We do not believe that article VI, section 1(e) authorizes the president to initiate a membership-wide referendum.6 Section 1(e) imposes upon the president the affirmative duty, and authorizes him, to "supervise" the affairs of the union "in accordance with" the requirements of law and the directives of the union constitution, the GEB, and the membership. Id. at 56. Section 1(e) is not an independent source of substantive authority, except insofar as it might authorize the president to compel the organization's compliance with a requirement of law or a directive of the union constitution, the GEB, or the membership. Because in this instance there was no requirement or directive that a referendum be initiated, article VI, section 1(e) cannot support the president's action.
Even were the section interpreted to confer substantive authority on the president, that authority likely would not support the president's initiation of a referendum. The president had to be specifically empowered under the prior constitution to direct that a subordinate body referendum be conducted, see id. at 208 (art. VI, § 1(i)), notwithstanding the existence in that constitution of a similarly broad grant of supervisory authority to the president, see id. at 207 (art. VI, § 1(f)) (authorizing president to "supervise the affairs of the Organization acting to further the interests of the membership").7
Appellees do not even argue that article VI, section 1(e) authorized them to initiate the referendum, as the district court held. They advance the argument, which the district court apparently did not accept, that the president was authorized to initiate the referendum under article III, section 4(h) (5) of the constitution. Section 4(h) (5) provides that " [e]very member shall have the right to ... [i]nitiate a petition for referendum on any matter subject to reasonable rules to be established in a member's Work Rules." Id. at 42. Appellees argue that the president is a "member [ ] of the Union," and that
[t]he Constitution does not limit the right to initiate referenda to "every member except the President and the Secretary". The Constitution specifically ensures the right to initiate a referendum in "every member." ...
... As a member, the President clearly had the right to initiate a referendum just as every other member had such a right under the Constitution.
Appellees' Br. at 8-9.8
Section 4(h) (5) cannot serve as authorization for the president's direct initiation of the referendum. Appellees repeatedly assert that this section accords to every union member the right to initiate a referendum. See id. at 8-12. Section 4(h) (5), however, does not authorize the president, or any other member of the union, to initiate a referendum; that section only authorizes members to initiate petitions for referendum.
Appellees' counsel urged at oral argument that we equate the right to initiate a petition for a referendum with the right to initiate a referendum, and he frankly acknowledged that his case turned on our willingness to view these rights as equivalent. We decline to equate these rights. A petition for a referendum and a referendum are distinctly different undertakings. A petition for a referendum is a means by which members attempt either to obtain the right to a direct membership vote on a particular matter or to persuade those in authority to submit the matter to a membership vote. A referendum is an actual membership vote. It is evident that the drafters of the union's constitution understood a petition for a referendum to be different from an actual referendum. They expressly distinguished between the two in article V, section 12(a), which provides that an elected officer may be recalled by a secret majority referendum vote and that such a referendum shall be initiated by a petition. App. at 56.9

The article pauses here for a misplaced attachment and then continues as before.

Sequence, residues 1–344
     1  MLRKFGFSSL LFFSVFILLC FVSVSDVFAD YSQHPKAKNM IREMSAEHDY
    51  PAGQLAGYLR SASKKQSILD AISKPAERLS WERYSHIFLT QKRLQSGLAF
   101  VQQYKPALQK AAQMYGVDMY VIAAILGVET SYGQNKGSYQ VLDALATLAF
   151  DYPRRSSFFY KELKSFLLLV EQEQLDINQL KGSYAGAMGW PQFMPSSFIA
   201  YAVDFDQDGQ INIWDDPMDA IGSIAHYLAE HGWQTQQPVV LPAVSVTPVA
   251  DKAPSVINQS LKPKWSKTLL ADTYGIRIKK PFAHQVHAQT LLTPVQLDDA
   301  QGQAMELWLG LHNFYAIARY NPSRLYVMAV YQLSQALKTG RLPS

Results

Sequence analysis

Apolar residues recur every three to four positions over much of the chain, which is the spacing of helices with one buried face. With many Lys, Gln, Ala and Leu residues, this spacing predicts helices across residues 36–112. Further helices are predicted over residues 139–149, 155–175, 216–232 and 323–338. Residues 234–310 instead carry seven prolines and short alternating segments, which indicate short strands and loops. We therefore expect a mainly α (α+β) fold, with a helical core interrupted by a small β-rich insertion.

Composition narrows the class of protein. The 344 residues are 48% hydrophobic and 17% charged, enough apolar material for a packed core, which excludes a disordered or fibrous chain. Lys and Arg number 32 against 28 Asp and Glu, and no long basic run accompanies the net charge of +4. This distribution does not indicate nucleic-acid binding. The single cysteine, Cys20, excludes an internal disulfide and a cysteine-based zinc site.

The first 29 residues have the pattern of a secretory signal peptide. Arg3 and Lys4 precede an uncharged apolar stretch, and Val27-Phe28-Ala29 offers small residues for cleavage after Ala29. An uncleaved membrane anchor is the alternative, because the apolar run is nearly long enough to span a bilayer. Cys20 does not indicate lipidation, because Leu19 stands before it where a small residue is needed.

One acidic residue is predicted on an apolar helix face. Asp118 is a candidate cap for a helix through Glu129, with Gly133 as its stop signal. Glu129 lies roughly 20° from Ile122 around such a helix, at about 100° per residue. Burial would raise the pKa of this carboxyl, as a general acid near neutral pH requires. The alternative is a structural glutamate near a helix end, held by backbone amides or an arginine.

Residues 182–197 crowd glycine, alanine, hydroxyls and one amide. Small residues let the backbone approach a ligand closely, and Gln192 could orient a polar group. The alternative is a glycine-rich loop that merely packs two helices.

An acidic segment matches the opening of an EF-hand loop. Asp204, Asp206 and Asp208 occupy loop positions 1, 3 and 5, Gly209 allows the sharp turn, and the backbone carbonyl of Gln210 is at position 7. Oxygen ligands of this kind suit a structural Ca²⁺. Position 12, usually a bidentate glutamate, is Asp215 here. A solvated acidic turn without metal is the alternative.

Under article III, section 4(h) (5), as appellees suggest, the president has precisely the same rights as every other union member. That right is to initiate a petition for referendum on any matter he wishes, subject to any applicable "Work Rules." Id. at 42. Had President Brown availed himself of this right, the GEB presumably would have been obliged to establish rules governing the conduct of such a petition and to define the circumstances under which the petition would result in initiation of a union-wide referendum. See id. at 62 (art. VII, § 3(c)) (GEB is authorized to establish "rules, regulations or procedures ... required for the effective management of the affairs of the Organization"); id. at 63 (art. VII, § 3(r)) (GEB is authorized to establish "Working Rules"). The GEB would have been further obliged, had the petition resulted in an actual referendum, both to promulgate rules governing the referendum and to establish an MBC to conduct the referendum. President Brown, however, simply had no authority under either article VI, section 1(e) or article III, section 4(h) (5) of the IOMMP constitution to bypass the constitutionally prescribed method of petition and proceed directly to a referendum.
Accordingly, we conclude that the president was without authority under the IOMMP constitution to initiate the challenged referendum.10
This court's order of December 2, 1991, reversed the district court's denial of appellants' motion for a preliminary injunction; we did not at that time direct that a permanent injunction be entered. In the interest of judicial economy, however, we may remand a case to the district court with instructions to enter a permanent injunction when the district court's denial of a motion for a preliminary injunction rests upon an erroneous legal determination and the facts have been established. Thornburgh v. American College of Obstetricians & Gynecologists, 476 U.S. 747, 757 (1986). Here, it is evident that the district court's denial of the motion for a preliminary injunction rested upon the court's determination as a matter of law that appellees were authorized by the union constitution to initiate the referendum. The court did not purport, for example, to balance the relative hardships of the parties or assess the likelihood of irreparable injury from a failure to enjoin the referendum. See Blackwelder Furniture Co. v. Seilig Mfg. Co., 550 F.2d 189, 196 (4th Cir. 1977) (" [I]n this circuit the trial court standard for interlocutory injunctive relief is the balance-of-hardship test."). Because the district court erred in its interpretation of the union constitution, and no facts could be adduced that would enable appellees to overcome the constitutional infirmity of their unilateral initiation of the referendum, we do not believe it necessary to afford the district court the opportunity to conduct further hearings on the question of whether a permanent injunction should issue. The case is therefore remanded to the district court with instructions to enter a permanent injunction.